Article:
It seems many gardeners plan on preparing collard greens for their holiday tables and have asked that I re-run this post from 2014. Enjoy…
Community gardens all over Georgia are filled with beautiful, dark green collard greens. See the August 20th post on growing collard greens. Once we get a few good frosts they will be ready to harvest. Being such a Southern vegetable it is wonderful that the very Southern Mary Mac’s Tea Room in Atlanta has shared their famous collard green recipe. Richard Golden is the Assistant General Manager and he says that the collards are his favorite of all the vegetables the restaurant serves. Just in time for Thanksgiving this recipe is a real treat worthy of a special occasion.
- 2 1/2 pounds of collard greens, stalks removed and cut into 2 inch strips
- 2 gallons of water
- 6 ounces of fatback
- 1 smoked ham hock
- 1/3 cup bacon drippings
- 1/8th cup salt
You should be able to find fatback and ham hocks at your local supermarket. Just ask the butcher if you have trouble finding them.
Wash the cut greens in cold water and 1/8th cup salt. In a large stock pot, on high heat, boil the water, smoked ham hock, and fat back. Let boil for an hour. Add collards and bacon drippings to the pot. Let come to a roaring boil and then reduce heat to medium. Let cook for 40-45 minutes. You may need to add additional water if the water starts to absorb past 1/3 of your original liquid. Remove from heat and take out the fatback and ham hock. Serve warm. Goes well with corn bread.
If you are not used to cooking with fatback or ham hocks, they are easily found at most grocery stores. Just ask your butcher if you have trouble finding them. Also, plan ahead so you can save your bacon drippings. Your Grandmother would be proud, your fitness trainer not so much!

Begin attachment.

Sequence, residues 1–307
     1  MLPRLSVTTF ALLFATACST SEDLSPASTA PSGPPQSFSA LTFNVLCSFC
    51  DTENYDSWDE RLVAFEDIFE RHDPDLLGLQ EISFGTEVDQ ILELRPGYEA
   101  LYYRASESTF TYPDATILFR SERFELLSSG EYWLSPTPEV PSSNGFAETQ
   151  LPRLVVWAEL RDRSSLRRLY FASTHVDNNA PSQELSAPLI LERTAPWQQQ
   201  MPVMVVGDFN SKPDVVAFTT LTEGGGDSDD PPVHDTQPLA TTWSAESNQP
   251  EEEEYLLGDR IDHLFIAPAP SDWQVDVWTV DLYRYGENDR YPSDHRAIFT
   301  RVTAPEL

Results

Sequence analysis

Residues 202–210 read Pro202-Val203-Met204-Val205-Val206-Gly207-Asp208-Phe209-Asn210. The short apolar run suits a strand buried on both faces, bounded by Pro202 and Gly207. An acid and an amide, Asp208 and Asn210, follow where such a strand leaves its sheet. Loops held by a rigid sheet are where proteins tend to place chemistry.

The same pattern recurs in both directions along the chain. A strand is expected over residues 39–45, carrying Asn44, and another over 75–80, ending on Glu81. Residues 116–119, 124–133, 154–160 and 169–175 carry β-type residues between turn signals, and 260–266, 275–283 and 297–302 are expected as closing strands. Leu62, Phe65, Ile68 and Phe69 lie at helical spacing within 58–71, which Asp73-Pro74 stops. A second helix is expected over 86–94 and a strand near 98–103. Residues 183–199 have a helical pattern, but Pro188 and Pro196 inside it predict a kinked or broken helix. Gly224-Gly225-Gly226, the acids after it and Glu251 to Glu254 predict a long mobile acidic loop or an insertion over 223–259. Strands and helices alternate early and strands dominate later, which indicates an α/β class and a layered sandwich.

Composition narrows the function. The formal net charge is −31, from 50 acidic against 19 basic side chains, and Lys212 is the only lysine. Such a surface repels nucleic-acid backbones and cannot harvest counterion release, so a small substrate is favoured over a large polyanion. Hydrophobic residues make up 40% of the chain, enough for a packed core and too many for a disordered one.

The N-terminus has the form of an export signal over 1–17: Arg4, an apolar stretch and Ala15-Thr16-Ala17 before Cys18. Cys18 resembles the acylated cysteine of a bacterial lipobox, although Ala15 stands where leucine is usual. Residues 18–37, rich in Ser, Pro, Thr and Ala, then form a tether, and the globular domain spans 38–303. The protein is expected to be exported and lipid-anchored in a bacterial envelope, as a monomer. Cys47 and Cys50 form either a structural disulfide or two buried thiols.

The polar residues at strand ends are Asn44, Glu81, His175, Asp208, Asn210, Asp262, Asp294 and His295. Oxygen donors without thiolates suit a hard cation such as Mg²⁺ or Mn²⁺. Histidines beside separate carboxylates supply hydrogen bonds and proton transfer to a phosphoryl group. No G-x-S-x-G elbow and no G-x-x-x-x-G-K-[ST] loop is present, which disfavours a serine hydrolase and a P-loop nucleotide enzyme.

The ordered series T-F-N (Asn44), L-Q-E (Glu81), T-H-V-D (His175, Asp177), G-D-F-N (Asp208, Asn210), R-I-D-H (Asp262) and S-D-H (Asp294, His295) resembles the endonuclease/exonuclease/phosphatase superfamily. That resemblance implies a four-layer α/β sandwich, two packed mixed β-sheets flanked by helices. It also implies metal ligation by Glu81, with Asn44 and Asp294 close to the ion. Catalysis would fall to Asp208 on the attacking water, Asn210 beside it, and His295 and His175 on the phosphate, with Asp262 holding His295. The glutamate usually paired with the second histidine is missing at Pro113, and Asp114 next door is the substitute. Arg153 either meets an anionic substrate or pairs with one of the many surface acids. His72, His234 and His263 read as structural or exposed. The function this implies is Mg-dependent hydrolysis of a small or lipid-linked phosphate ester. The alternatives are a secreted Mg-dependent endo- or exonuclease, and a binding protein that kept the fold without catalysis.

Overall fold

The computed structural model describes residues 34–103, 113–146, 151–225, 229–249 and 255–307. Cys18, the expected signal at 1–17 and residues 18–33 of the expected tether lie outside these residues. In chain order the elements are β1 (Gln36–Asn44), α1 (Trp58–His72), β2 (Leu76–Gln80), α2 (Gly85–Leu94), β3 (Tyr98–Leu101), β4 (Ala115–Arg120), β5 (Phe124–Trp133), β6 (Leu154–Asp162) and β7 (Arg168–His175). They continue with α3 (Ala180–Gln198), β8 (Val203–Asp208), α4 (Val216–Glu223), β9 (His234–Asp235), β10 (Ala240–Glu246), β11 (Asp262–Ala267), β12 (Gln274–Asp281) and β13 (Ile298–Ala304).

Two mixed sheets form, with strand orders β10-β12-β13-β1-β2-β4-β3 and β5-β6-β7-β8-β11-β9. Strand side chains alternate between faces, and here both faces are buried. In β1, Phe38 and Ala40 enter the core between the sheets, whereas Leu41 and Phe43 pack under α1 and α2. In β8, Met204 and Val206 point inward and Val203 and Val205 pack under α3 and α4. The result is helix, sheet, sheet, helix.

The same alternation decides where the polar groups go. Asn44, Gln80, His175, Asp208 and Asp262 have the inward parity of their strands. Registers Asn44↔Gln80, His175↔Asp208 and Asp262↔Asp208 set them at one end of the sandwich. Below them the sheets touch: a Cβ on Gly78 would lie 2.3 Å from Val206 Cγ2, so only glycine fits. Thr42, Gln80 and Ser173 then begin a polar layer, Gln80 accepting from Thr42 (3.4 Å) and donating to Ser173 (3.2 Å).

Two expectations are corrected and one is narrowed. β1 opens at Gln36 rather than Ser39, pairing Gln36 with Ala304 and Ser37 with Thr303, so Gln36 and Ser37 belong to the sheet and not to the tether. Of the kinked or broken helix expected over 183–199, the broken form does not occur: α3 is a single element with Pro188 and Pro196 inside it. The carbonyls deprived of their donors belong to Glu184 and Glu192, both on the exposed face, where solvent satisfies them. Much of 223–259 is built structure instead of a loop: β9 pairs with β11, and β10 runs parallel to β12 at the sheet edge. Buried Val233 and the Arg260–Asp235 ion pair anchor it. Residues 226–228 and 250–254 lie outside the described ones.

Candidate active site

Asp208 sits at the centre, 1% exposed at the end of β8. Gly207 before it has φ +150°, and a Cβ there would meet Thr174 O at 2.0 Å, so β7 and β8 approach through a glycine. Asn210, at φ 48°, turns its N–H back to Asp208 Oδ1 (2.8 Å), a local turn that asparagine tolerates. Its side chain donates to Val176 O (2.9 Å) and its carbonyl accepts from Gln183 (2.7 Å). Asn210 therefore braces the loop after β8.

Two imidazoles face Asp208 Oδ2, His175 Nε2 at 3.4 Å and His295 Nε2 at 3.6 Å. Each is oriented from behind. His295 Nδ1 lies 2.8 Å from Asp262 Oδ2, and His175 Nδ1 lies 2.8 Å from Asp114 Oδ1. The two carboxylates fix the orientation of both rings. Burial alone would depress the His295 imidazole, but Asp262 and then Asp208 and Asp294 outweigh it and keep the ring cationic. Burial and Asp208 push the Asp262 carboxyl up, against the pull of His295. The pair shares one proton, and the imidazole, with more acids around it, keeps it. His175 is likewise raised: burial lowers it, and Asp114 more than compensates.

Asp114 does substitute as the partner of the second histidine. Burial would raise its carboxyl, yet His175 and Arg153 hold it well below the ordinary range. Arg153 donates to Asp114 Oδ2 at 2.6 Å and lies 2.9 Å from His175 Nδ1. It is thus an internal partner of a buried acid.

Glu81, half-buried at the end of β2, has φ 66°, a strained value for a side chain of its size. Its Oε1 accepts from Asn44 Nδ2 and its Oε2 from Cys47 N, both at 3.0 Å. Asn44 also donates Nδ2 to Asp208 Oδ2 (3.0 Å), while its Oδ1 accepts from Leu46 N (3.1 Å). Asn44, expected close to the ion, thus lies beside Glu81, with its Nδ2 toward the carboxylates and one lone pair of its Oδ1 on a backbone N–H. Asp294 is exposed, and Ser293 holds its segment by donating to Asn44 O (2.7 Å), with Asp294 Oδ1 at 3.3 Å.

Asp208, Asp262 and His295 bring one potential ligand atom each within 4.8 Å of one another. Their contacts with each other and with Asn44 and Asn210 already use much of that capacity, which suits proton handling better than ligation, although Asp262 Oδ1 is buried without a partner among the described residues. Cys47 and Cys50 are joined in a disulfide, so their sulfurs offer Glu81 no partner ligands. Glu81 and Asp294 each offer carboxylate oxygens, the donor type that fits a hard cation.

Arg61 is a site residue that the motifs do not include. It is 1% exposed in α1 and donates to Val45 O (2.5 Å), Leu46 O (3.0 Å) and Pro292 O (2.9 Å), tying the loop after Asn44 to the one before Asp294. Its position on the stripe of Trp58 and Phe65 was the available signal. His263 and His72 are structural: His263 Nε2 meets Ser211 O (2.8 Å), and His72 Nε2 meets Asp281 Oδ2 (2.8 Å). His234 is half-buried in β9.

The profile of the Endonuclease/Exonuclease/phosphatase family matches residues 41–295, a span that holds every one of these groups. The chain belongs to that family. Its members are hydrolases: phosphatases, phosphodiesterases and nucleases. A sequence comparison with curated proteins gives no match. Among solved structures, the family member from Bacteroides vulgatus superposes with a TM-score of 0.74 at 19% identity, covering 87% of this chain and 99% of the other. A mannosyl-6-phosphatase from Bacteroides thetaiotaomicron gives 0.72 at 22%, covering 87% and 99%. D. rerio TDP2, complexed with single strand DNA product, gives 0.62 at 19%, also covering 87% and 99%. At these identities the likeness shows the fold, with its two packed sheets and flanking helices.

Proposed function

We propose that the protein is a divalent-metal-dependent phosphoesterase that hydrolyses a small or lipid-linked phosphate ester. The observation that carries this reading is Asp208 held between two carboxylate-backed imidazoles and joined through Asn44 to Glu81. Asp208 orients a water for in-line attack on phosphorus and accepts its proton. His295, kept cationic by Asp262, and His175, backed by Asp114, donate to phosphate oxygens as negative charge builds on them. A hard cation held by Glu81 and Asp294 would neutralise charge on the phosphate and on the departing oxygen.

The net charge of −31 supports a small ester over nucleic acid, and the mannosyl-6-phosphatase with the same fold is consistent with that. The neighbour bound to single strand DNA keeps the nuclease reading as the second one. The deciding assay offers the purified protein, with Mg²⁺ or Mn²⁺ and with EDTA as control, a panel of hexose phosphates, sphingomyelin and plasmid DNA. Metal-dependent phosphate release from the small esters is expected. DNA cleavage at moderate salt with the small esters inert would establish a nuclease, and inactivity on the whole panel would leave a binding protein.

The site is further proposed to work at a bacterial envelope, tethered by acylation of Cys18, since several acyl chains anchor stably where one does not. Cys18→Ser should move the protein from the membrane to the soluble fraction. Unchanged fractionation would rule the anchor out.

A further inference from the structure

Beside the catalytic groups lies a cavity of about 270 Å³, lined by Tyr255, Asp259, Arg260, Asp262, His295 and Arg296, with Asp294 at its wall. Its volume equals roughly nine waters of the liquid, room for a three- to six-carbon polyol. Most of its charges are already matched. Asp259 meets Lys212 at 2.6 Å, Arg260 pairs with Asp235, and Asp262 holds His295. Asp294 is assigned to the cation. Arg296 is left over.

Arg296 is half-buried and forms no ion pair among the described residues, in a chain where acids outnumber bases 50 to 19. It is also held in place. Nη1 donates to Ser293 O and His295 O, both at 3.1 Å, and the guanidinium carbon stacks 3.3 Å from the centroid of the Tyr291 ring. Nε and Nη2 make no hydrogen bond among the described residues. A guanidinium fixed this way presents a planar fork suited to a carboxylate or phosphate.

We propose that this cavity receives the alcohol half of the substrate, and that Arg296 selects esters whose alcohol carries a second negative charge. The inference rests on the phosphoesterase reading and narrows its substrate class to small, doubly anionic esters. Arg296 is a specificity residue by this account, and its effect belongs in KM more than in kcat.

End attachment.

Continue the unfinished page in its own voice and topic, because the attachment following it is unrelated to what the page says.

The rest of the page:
Mary Mac’s is such an Atlanta institution it was honored by the Georgia State House of Representatives with Resolution 477 declaring Mary Mac’s to be Atlanta’s Dining Room. The menu includes fried okra, tomato pie, hoppin’ john, butter peas, and turnip greens. All of these contain ingredients grown in Georgia!
Mary Mac’s opened in 1945 when Mary McKenzie wanted to use her cooking skills to make money in the aftermath of World War II. In those days a woman couldn’t just open a restaurant but a “tea room” was acceptable. The current owner, John Ferrell purchased the restaurant in 1994 and carries on the traditions. Recently they catered Governor Nathan Deal’s birthday party. If you decide to visit Midtown for a meal at Mary Mac’s, don’t forget the cobbler. Trust me!
Becky is a Georgia Certified Beekeeper and works with community and school gardeners to increase beneficial insect habitat.In 2019, she will coordinate the Great Georgia Pollinator Census (https://GGaPC.org).Ask her about it!
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